ARTICLES BY NORENE GILLETZ  

A Healthy Harvest of Celebrations
by Norene Gilletz

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Thanksgiving brings memories of family gatherings, festive meals and wonderful aromas coming from the kitchen. But did you know that a typical Thanksgiving or other festive holiday meal can contain between 2,000 to 5,000 calories? Don’t despair! With proper planning, you can enjoy your holiday feast with family and friends - and still stay focused on your weight-loss and exercise goals.

Here are some healthy “weighs” to help you modify your holiday recipes, enabling you to celebrate a delicious, guilt-free Thanksgiving feast without packing on the pounds. Your taste buds, heart, arteries - and your guests - will thank you!

VEGETARIAN DE-LIGHTS
Make your Thanksgiving feast a celebration of the harvest by focusing on vegetables, fruits and whole grains. When properly prepared, they offer a colorful cornucopia filled with flavor and nutrition. If you are invited as a guest, offer to bring a healthy, nutritious vegetarian dish so you will have something you can enjoy without guilt. Here are some simple suggestions:

SOUP’S ON! Dark orange vegetables such as squash, pumpkin and sweet potatoes make perfect additions to a Thanksgiving feast. For an attractive presentation, serve puree of squash or pumpkin soup in a hollowed-out pumpkin that has been heated at 350°F for 20 minutes.

GO FOR THE WHOLE GRAIN! Why not try a grain-based salad for a change? Combine cooked brown rice or whole wheat couscous with chopped peppers and scallions, raisins or dried cranberries and apricots. Add a handful of chickpeas, some minced dill or basil, and equal parts of extra-virgin olive oil and orange juice. Season with salt and pepper.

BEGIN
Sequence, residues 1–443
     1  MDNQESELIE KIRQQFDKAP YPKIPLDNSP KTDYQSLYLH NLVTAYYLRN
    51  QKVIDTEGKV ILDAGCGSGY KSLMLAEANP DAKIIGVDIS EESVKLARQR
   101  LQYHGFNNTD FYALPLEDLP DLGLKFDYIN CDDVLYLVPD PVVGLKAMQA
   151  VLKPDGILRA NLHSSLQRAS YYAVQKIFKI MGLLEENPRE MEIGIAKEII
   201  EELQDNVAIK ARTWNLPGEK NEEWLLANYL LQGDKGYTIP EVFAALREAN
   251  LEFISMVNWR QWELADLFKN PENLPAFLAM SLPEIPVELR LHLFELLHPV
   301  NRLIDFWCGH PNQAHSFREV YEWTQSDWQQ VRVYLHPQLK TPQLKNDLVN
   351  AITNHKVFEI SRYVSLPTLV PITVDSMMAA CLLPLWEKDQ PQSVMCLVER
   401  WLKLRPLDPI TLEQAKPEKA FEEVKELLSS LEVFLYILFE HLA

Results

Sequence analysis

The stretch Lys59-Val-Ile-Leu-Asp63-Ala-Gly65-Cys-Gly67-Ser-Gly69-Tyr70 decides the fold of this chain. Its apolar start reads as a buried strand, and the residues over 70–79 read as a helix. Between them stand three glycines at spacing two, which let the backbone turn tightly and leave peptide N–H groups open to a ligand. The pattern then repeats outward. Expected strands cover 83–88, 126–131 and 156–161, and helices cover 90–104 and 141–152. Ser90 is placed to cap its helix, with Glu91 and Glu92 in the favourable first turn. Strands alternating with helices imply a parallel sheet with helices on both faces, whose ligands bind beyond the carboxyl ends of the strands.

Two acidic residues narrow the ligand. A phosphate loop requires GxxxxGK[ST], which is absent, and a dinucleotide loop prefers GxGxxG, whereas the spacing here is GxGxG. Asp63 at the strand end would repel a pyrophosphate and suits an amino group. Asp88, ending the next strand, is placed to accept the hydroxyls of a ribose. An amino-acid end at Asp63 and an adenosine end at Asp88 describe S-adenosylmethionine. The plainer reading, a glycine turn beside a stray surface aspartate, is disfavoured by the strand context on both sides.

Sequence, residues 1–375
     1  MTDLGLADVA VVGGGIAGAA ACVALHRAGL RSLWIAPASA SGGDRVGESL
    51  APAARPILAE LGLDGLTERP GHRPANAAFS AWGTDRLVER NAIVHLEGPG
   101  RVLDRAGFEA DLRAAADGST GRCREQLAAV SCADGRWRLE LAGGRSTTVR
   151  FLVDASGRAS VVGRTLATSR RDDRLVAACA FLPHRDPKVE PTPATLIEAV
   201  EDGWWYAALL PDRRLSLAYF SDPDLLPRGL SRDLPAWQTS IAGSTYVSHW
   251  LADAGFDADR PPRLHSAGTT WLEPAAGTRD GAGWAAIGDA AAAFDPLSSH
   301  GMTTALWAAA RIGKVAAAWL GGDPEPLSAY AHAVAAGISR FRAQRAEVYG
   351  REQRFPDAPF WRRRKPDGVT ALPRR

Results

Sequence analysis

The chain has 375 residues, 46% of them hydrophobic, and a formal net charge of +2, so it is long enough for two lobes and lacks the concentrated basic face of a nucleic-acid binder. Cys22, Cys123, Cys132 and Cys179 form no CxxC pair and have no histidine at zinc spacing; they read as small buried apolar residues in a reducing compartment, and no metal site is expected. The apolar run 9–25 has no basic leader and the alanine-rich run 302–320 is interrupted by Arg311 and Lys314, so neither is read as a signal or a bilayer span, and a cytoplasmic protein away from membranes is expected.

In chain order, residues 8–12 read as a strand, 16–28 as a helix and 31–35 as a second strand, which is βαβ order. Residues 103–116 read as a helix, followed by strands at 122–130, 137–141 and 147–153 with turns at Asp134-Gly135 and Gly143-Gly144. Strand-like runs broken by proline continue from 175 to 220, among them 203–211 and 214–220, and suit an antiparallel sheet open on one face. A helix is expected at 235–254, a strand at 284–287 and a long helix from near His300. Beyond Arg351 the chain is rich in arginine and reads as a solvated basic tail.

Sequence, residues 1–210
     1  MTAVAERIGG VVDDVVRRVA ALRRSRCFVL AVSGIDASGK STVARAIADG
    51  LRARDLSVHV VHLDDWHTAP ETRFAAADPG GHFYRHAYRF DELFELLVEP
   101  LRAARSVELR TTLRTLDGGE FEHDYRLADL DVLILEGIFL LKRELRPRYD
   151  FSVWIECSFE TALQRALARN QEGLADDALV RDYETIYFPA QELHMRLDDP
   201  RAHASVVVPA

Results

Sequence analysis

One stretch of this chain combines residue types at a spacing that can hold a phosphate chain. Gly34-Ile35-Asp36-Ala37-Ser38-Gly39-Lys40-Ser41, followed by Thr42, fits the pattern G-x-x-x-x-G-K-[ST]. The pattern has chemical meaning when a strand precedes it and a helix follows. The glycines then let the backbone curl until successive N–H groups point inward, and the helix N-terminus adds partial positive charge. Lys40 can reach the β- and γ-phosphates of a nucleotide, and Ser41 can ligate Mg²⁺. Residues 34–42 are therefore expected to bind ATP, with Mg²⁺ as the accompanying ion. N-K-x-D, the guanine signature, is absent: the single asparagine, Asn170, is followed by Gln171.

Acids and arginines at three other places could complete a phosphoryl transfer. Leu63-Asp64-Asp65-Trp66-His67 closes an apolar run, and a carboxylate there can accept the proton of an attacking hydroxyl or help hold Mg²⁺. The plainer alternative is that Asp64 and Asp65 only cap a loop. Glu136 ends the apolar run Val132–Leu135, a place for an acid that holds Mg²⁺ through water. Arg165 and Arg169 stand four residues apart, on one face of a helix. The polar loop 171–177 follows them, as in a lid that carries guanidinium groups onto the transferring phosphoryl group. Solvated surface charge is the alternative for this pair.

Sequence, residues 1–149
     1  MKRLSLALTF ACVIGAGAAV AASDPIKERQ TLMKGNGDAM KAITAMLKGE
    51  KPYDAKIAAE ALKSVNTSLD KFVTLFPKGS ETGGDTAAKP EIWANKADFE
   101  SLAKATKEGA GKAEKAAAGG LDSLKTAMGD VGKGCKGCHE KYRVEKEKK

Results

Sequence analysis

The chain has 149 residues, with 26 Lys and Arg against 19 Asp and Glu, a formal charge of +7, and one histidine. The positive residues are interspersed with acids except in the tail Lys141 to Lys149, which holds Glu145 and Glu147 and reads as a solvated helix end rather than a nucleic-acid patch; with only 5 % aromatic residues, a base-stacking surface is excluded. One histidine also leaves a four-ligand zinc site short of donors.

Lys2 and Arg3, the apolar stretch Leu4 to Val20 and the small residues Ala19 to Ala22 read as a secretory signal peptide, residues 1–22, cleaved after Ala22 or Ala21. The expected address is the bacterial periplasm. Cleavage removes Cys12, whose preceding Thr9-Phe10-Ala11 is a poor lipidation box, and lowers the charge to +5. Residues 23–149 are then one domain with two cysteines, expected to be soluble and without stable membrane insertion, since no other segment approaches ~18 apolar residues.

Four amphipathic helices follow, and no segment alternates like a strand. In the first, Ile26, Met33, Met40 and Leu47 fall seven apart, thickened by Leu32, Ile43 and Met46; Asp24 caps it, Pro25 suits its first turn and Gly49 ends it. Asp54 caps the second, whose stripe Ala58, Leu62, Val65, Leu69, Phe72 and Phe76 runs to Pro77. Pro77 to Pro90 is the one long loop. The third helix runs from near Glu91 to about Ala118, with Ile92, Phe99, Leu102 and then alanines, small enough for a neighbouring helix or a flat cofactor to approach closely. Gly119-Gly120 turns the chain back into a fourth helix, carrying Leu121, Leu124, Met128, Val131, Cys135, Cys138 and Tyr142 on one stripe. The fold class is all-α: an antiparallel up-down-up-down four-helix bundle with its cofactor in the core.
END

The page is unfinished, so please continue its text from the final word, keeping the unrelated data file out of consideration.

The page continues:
GREEN CUISINE GET’S THE GREEN LITE! Serve steamed green beans or broccoli
topped with chopped red peppers, a squeeze of lemon or lime juice, a drizzle of extra-virgin olive oil and minced fresh dill. Top with a sprinkling of sesame seeds, toasted almonds or walnuts.

GARLIC MASHED TWO-TATOS: Combine 4 peeled, cut-up potatoes, 3 or 4 peeled, cut-up sweet potatoes and 4 cloves of garlic in a saucepan. Cover with salted water and boil until tender, about 20 minutes. Drain and mash well. Add 1 tbsp. extra-virgin olive oil and enough fat-free chicken broth or soy milk to moisten. Season with salt, pepper and nutmeg. For extra color and flavor, add a 10 oz. package of cooked, chopped spinach and mix well. 

CRANBERRY GLAZED CARROTS: In a saucepan, boil 2 lbs. baby carrots in boiling salted water until tender-crisp, about 8 to 10 minutes. Drain well. Add 1 tsp. olive oil, 1/2 cup jellied cranberry sauce, 2 tbsp. honey, 1 tbsp. lemon or orange juice, plus salt and pepper. Cook 5 minutes longer, until nicely glazed and piping hot, stirring occasionally.

TURKEY TALK
Turkey is an excellent, low-fat choice for your meal. However, self-basting turkeys have been injected with fat under the skin, so it’s best to avoid these kinds. A 12 lb. turkey will serve 12 adults, with leftovers. Take a look at some more turkey tips below:

Never defrost turkey on the kitchen counter. Instead, place the turkey in its original wrappings on a tray in the refrigerator and calculate 24 hours for each 5 lbs. of turkey. If it is not completely thawed when you are ready to prepare it, place the wrapped turkey into a sink filled with ice-cold water. Be sure to replace the cold water every half hour.

For maximum flavor, season the turkey a day or two before cooking it. Squeeze the juice from two oranges over the defrosted turkey, as well as inside its cavity. Then, lift the skin and rub the meat with fresh garlic and your favorite herbs and spices. Place additional slices of orange under the turkey skin to keep the turkey moist during cooking. The turkey can be seasoned, covered and refrigerated for up to two days.

Roast the turkey on a V-shaped rack in a shallow roasting pan so that the drippings can drain away during cooking. Lightly spray the rack and pan with nonstick cooking spray. If using a disposable foil pan, buy the heavy-duty kind. Place the roasting pan on a baking sheet to provide support so you won ’t burn yourself trying to remove it from the oven.

To prevent breast meat from drying out during cooking, cover turkey loosely with a foil tent. Remove the foil during the last 30 to 45 minutes of cooking so the turkey will brown. Roast the turkey with its skin on to keep the meat from drying out, and instead of using the fatty drippings, baste turkey with fat-free broth or fruit juice (orange, cranberry or apple) during cooking. Start roasting it breast-side down, then turn it breast-side up for the last half hour. Remove the skin when serving.